ID-10098481EQ is a set of emotional and social skills that influence our self-perception and the ways in which we express ourselves, build and maintain relationships, cope with challenges and use emotional information in an effective and meaningful way.  EQ is the skill set that helps you deal successfully with the human dimension of business. It also impacts how well you utilize people to produce results and create a fulfilling work environment.
Related: Simply More offers Emotional Intelligence Workshops.
Why should you care about EQ?  
The single greatest influence on whether your people stay or leave is their relationship with you. It affects the level at which they are engaged or if they just do enough to get by.
EQ skills are the ingredients for “real” leadership.
It’s often not the smartest people who are the most successful or most fulfilled in life. There are many people who are academically brilliant and yet are socially awkward and unsuccessful at work or in their personal relationships. Intellectual intelligence (IQ) isn’t enough on its own to be successful in life. Your IQ can help you get into university, but it’s your EQ that will help you to manage the stress and emotions when facing your final exams.
Related Search: Simply More is an Executive Business Coach and Communication Consultant.

Emotional intelligence affects:

  • Your performance at work. Emotional intelligence can help you navigate the social complexities of the workplace, lead and motivate others, and excel in your career.
  • Your physical health. If you’re unable to manage your stress levels, it can lead to serious health problems. Uncontrolled stress can raise blood pressure, suppress the immune system, increase the risk of heart attack and stroke, contribute to infertility, and speed up the aging process. The first step to improving emotional intelligence is to learn how to manage and relieve stress.
  • Your mental health. Uncontrolled stress may also impact your mental health, making you vulnerable to anxiety and depression. If you are unable to understand and manage your emotions, you’ll also be vulnerable to mood swings
  • Your relationships. An inability to form strong relationships can leave you feeling lonely and isolated. By understanding your emotions and how to control them, you’re better able to express how you feel and understand how others are feeling. This allows you to communicate more effectively and build healthier and stronger relationships, both at work and in your personal life.

There are four attributes that make up EQ:

  • Self-awareness – You are able to recognize your own emotions and how they affect your thoughts and behavior; you know your strengths and weaknesses, and you have self-confidence.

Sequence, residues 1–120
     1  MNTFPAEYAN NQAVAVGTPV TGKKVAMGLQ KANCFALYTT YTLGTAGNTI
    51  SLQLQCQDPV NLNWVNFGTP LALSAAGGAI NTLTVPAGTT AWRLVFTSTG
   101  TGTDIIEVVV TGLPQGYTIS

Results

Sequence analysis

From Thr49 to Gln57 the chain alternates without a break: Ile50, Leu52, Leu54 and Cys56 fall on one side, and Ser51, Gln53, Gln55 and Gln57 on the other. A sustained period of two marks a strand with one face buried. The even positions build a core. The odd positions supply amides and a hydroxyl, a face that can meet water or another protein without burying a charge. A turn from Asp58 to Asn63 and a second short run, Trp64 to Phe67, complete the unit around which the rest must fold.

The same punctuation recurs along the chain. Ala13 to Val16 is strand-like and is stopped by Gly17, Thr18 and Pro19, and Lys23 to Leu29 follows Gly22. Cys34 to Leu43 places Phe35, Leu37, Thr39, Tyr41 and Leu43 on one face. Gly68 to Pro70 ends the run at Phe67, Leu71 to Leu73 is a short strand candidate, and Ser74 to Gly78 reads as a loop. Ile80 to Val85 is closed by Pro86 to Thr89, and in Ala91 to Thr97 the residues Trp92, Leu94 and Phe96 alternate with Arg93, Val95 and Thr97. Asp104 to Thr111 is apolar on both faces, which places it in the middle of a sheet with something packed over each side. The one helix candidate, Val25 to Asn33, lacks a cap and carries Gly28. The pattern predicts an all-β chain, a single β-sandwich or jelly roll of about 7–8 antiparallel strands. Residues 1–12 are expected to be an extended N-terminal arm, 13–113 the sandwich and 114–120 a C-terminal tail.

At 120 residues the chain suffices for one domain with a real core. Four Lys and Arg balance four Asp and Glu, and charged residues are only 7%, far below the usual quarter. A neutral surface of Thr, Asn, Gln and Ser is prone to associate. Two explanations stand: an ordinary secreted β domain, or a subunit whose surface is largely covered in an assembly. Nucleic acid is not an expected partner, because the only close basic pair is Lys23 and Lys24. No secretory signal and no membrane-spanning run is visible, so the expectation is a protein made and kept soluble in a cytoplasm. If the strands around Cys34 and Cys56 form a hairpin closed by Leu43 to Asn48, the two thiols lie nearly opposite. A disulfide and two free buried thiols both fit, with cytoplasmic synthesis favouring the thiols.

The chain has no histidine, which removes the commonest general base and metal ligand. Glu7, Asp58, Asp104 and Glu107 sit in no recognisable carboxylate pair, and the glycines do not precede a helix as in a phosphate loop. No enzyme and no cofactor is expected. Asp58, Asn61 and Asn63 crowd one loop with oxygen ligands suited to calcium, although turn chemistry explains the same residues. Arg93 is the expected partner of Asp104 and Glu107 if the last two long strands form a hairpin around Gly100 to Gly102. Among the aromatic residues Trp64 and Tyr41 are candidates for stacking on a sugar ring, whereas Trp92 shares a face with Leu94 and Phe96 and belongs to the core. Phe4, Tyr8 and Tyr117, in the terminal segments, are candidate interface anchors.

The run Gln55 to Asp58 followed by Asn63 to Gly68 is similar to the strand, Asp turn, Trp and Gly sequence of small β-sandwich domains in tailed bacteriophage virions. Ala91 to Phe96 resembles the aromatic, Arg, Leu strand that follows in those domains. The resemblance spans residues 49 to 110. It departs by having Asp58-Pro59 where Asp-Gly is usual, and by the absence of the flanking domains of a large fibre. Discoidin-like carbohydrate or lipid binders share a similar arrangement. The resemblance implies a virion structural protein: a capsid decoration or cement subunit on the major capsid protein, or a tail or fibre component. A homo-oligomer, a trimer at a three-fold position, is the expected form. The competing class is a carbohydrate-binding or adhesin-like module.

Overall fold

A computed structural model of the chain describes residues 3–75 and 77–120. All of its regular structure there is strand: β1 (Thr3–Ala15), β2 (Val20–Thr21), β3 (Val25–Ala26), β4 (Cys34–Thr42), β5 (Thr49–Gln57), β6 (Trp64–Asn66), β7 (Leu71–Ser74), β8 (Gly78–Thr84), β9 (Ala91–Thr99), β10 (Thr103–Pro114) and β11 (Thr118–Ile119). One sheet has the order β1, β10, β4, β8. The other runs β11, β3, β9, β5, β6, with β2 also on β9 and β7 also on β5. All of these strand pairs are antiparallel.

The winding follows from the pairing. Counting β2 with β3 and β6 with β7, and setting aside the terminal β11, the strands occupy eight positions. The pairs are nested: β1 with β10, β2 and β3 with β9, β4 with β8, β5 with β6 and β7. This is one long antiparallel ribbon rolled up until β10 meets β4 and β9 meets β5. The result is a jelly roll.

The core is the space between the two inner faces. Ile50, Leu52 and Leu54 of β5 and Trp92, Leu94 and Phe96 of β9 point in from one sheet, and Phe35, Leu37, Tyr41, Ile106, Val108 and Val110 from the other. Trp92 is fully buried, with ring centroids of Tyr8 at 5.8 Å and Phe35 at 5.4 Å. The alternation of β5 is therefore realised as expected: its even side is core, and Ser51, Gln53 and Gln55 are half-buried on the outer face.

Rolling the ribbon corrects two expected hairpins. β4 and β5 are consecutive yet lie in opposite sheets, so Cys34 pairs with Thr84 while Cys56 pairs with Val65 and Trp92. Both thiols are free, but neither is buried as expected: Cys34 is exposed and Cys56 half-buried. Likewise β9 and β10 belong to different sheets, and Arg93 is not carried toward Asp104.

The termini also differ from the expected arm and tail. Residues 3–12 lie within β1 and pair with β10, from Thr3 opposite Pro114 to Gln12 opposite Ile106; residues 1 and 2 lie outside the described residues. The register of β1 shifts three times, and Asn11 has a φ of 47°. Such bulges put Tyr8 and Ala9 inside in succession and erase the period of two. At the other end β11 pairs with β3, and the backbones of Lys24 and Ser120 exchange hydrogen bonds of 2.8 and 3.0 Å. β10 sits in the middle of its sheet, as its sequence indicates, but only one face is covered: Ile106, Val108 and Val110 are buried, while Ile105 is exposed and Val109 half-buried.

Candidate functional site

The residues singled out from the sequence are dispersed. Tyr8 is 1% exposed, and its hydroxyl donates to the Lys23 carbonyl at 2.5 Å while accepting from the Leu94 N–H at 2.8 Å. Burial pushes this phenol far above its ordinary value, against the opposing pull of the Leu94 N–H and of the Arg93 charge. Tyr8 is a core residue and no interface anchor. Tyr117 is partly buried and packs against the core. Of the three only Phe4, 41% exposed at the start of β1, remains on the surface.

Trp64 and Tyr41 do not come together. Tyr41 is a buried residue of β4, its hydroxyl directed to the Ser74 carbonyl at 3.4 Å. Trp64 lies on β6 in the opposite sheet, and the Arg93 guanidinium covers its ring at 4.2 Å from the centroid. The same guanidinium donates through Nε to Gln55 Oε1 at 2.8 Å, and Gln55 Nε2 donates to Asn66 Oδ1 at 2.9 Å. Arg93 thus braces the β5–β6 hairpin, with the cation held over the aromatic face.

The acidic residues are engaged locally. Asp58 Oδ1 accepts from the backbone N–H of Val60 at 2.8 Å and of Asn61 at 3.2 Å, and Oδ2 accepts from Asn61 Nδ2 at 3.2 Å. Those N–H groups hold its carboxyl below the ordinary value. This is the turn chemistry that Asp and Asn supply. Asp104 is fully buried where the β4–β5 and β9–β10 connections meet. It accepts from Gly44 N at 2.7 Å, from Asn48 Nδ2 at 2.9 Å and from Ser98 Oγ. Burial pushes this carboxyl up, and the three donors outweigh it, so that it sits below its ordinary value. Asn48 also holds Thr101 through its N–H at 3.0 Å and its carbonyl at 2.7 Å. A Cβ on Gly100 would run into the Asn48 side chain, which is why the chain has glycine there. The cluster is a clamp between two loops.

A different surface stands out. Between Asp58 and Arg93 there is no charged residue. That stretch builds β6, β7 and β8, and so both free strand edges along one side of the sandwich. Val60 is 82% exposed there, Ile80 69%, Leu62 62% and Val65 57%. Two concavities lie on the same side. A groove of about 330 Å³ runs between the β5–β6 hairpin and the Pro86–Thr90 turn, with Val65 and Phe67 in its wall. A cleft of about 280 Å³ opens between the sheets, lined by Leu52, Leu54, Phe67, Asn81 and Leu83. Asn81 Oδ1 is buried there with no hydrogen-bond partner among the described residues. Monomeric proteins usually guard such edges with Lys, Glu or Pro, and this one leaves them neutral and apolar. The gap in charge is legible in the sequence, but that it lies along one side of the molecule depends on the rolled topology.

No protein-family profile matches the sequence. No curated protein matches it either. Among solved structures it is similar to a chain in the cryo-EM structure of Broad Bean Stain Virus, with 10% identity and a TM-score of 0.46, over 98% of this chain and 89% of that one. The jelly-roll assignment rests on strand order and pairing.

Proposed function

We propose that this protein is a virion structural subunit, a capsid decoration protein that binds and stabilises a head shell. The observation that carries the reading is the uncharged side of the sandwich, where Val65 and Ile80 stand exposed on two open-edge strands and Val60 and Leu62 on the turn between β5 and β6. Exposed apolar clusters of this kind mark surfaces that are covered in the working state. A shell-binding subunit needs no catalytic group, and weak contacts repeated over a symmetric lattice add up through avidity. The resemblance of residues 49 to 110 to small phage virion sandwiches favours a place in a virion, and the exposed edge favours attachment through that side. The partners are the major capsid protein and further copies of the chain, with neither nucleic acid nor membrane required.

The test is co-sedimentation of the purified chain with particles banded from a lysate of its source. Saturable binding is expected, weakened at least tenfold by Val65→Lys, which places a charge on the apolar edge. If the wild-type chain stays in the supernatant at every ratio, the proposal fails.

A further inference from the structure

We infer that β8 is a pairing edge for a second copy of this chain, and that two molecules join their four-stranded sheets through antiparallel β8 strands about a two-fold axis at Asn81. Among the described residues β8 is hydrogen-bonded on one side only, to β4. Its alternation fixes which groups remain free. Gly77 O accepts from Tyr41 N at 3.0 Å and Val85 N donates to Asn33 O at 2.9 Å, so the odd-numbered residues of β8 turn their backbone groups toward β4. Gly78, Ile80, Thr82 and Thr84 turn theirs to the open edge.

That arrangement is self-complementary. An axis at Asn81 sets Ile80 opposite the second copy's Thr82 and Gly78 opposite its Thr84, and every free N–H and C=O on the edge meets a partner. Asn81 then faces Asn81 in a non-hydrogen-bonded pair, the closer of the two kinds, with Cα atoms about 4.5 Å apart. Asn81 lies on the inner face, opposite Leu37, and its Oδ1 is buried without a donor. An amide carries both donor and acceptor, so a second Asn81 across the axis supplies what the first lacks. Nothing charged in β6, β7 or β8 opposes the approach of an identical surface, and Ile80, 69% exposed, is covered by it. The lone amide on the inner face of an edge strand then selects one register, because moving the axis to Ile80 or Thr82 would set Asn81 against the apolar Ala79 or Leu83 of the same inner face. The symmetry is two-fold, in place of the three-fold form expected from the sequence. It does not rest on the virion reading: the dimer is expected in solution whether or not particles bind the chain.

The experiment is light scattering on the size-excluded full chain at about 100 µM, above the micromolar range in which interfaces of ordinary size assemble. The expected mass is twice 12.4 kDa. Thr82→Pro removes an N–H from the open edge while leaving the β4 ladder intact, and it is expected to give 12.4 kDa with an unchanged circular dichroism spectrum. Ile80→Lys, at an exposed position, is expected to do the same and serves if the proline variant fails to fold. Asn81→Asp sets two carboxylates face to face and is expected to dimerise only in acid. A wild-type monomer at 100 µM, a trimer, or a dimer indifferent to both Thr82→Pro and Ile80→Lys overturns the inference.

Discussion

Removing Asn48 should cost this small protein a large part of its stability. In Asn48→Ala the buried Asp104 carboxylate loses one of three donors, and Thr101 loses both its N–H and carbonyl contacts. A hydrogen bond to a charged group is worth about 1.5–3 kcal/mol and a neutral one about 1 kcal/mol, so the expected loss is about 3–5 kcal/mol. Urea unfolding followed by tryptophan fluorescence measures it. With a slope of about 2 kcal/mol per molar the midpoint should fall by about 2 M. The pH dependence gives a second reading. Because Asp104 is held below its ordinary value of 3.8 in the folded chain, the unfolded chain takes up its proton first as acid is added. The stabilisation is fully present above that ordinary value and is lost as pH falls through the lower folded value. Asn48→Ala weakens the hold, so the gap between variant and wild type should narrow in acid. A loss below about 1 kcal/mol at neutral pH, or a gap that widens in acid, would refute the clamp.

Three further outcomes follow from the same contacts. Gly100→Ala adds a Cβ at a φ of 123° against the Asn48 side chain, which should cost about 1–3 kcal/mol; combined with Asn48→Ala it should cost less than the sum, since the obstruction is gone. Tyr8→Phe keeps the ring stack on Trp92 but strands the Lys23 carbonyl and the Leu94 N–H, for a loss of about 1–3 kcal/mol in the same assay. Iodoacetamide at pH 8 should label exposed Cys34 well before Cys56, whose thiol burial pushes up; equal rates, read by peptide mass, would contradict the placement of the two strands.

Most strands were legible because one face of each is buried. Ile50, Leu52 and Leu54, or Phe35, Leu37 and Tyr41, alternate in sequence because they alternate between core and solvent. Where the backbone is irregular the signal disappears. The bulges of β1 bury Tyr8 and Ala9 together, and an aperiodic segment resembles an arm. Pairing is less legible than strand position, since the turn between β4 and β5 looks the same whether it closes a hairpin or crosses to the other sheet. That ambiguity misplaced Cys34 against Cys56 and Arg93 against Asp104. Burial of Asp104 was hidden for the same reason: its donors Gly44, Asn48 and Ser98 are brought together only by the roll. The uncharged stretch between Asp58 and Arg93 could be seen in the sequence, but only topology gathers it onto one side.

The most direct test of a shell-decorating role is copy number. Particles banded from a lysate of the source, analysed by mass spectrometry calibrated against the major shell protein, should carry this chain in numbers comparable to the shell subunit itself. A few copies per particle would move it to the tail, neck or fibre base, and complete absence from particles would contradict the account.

• Self-management – You’re able to control impulsive feelings and behaviors, manage your emotions in healthy ways, take initiative, follow through on your commitments, and are able to adapt to changing circumstances.
  • Social awareness – You can understand and recognize the emotions, needs, and concerns of other people, pick up on emotional cues, feel comfortable socially, and recognize the power dynamics in a group or organization.
  • Relationship management – You know how to develop and maintain good relationships, can communicate clearly, inspire and influence others, work well in a team, and manage conflict.

Experts say…out of control emotions make smart people stupid.
How to raise your emotional intelligence
All information going to the brain comes through our senses, and when this information is overwhelmingly stressful or highly emotional, our instincts take over and our reaction will be limited to the flight, fight, or freeze response. To access the wide range of choices and an ability to make good decisions, we need to be able to control our emotions and bring them into balance at will.
Emotions and memory are also strongly linked. By learning to use the emotional part of your brain as well as the rational, you can expand your range of choices when it comes to responding to a new event, but you’ll also factor emotional memory into your decision-making process. This can help with preventing you continually repeating earlier mistakes.
To improve your emotional intelligence—and your decision-making abilities—you need to understand and control the emotional side of your brain. How?
Developing five key skills can do help you raise your EQ. Master the first two skills, and the other three will be much easier to develop.
EQ consists of five key skills, each building on the last:

  • The capability to quickly reduce stress
  • The capability to recognize and manage your emotions
  • The capability to connect with others using nonverbal communication
  • The capability to use humor and play to deal with challenges
  • The capability to resolve conflicts positively and with confidence

Anyone can learn these five skills of emotional intelligence. But you need to do more than study them; you need to apply this knowledge to your life. When you are overwhelmed by stress, the best of intentions can fly out the window.
To permanently alter behavior in ways that stand up under pressure, the key is to learn how to take advantage of the powerful emotional parts of the brain that remain active and accessible even during times of stress. In a nutshell, this means you have to experience and practice these skills in your daily life—you can’t simply read about EQ and expect to master it.